Current dietary guidelines are determined by a “consensus [that] has to do with the average person, who’s of average weight and who’s healthy, and is either a man or woman of a particular age,” says Jeffrey Blumberg, who directs the Antioxidants Research Laboratory at the Jean Mayer USDA Human Nutrition Research Center on Aging at Tufts University. “All 30-year-old women don’t require, in my view, exactly 75 mg of vitamin C a day to meet their vitamin C requirements. Some may need less. Some may need more. How do you know who you are unless you start to apply some newer approaches?”

Nutrition science leaders who talked to FutureFood 2050 this past May about the innovations they see as most promising for improving diets and fighting disease included the following:

  • Jeffrey Blumberg, a Tufts University nutrition scientist who says dietary guidance targeted to a person’s precise genetic makeup is the wave of the future;
  • Mark Heiman, chief scientific officer of MicroBiome Therapeutics, which is developing health-boosting nutritional therapies that increase the variety of gut microorganisms;
  • Dean Ornish, MD, creator of a renowned program for reversing cardiac disease, who believes dietary changes will continue to be key to a healthy heart;
  • Steven Schwartz, an Ohio State University food scientist working on functional food products to help prevent cancer and other illnesses; and
  • Robert Zeigler, director general of the International Rice Research Institute, which is coordinating the Golden Rice project designed to raise vitamin A levels in developing nations.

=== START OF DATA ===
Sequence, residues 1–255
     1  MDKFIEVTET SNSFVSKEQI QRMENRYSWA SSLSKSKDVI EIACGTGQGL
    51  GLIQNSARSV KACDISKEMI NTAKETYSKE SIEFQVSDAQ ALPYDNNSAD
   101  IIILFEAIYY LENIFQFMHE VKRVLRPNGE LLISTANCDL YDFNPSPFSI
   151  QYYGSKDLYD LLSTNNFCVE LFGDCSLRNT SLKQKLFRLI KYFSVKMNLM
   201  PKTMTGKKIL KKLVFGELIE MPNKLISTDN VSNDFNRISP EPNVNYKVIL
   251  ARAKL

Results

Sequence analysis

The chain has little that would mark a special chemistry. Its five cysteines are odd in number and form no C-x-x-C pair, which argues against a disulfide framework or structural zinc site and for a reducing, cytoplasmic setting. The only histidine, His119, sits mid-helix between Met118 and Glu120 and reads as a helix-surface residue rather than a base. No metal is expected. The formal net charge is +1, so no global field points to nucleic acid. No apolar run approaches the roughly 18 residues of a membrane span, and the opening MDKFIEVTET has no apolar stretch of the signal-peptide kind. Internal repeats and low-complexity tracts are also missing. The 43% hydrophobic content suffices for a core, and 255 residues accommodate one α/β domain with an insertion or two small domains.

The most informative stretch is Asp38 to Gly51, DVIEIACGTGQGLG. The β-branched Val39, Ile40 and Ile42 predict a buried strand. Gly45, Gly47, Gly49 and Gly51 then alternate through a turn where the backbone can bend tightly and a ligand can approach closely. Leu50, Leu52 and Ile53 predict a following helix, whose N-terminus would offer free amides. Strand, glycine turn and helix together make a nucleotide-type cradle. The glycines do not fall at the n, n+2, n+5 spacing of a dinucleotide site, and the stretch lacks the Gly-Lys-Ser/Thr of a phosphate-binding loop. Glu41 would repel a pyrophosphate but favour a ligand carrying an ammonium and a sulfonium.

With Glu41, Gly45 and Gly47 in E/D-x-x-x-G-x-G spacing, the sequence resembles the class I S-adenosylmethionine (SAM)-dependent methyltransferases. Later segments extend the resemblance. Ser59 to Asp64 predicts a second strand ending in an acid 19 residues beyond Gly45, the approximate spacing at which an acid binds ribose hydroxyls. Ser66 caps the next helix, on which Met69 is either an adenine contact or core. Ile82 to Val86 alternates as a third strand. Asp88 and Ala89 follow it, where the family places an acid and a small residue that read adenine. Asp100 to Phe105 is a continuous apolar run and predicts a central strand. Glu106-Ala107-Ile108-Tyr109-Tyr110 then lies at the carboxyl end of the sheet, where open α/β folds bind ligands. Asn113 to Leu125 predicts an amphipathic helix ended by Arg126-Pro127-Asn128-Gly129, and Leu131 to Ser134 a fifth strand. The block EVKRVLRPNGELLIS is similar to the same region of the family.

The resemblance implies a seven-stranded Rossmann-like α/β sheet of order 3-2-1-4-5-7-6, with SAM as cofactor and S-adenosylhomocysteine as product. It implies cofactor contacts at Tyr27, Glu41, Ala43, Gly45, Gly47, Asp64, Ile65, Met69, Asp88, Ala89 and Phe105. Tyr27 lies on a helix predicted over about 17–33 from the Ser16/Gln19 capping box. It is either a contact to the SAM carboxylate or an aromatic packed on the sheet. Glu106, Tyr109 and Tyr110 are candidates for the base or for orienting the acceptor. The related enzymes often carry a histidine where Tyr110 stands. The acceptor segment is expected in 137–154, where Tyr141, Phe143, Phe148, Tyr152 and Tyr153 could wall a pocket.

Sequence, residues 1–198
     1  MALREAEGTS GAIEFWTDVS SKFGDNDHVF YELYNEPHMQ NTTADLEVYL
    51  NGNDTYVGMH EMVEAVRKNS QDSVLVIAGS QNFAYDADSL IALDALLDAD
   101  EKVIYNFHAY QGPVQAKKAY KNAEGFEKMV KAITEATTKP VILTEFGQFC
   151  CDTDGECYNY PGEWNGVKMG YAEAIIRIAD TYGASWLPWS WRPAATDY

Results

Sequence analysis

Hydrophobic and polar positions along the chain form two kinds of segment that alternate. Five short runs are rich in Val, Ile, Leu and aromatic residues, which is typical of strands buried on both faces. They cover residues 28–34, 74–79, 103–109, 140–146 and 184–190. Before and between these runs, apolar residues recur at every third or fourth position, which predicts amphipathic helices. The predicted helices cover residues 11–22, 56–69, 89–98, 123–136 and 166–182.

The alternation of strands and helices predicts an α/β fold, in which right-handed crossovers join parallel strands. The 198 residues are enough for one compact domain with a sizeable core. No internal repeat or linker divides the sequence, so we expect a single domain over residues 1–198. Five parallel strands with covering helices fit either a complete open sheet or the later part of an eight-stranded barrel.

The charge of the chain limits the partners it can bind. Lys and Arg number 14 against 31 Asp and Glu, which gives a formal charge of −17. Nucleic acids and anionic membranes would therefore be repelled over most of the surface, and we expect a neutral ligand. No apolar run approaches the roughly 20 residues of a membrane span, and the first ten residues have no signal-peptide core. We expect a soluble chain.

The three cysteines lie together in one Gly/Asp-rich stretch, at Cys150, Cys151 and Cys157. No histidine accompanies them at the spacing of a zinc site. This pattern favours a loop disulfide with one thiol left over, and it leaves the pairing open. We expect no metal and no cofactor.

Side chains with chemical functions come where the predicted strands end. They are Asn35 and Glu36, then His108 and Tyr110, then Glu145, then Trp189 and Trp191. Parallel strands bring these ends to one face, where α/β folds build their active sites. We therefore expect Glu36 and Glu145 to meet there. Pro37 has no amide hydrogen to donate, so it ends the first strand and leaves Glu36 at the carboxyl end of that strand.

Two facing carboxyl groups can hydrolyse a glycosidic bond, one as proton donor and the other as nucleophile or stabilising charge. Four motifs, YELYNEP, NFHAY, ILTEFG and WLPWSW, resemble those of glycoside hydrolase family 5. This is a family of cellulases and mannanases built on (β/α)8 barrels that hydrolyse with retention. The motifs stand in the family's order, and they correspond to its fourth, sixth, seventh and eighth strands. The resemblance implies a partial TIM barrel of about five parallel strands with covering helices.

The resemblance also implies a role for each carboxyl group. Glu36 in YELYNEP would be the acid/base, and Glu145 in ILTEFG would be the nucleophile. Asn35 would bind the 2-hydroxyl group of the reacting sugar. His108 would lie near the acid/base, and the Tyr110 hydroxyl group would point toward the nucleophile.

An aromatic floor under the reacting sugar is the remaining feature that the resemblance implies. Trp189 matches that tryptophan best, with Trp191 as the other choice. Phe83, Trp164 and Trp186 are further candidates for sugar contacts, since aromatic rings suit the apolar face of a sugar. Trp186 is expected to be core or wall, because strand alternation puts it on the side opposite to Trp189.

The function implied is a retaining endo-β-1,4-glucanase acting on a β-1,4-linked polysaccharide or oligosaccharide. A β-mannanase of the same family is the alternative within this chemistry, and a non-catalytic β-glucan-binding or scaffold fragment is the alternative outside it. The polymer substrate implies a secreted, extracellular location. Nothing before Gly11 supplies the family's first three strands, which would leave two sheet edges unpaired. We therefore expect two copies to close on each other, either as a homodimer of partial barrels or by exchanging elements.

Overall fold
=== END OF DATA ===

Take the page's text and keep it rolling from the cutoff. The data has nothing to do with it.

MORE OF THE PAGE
FutureFood 2050 is a multiyear program highlighting the people and stories leading the efforts in finding solutions to a healthier, safer, and better-nourished planet to feed 9 billion-plus people by 2050. Through 2015, the program will release 75 interviews with the world’s most impactful leaders in food and science. The interviews with nutrition innovation leaders are the 14th installment of FutureFood’s interview series, following sustainability, women in food science, food waste, food security and nutrition in Africa, aquaculture, futurists on food, innovative agriculture, kitchens of the future, obesity, alternative proteins, food safety, and climate change.

Early next year, FutureFood 2050 also will debut a documentary film exploring how the science of food will contribute solutions to feeding the world. See a behind-the-scenes interview with the film’s director at http://futurefood2050.com/behind-the-scenes-with-scott-hamilton-kennedy/.

For more information, visit FutureFood2050.com to subscribe to monthly updates, learn more about the project, and read the latest news on food science.

— Source: Institute of Food Technologists